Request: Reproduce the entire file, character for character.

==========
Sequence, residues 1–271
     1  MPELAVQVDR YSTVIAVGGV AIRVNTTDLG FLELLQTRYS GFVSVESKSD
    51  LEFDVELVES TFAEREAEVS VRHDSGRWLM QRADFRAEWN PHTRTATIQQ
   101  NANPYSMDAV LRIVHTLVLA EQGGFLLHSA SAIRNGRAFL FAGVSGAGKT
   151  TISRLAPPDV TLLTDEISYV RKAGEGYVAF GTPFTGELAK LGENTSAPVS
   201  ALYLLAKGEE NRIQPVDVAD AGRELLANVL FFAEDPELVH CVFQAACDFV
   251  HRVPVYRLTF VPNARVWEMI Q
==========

Sequence, residues 1–271
     1  MPELAVQVDR YSTVIAVGGV AIRVNTTDLG FLELLQTRYS GFVSVESKSD
    51  LEFDVELVES TFAEREAEVS VRHDSGRWLM QRADFRAEWN PHTRTATIQQ
   101  NANPYSMDAV LRIVHTLVLA EQGGFLLHSA SAIRNGRAFL FAGVSGAGKT
   151  TISRLAPPDV TLLTDEISYV RKAGEGYVAF GTPFTGELAK LGENTSAPVS
   201  ALYLLAKGEE NRIQPVDVAD AGRELLANVL FFAEDPELVH CVFQAACDFV
   251  HRVPVYRLTF VPNARVWEMI Q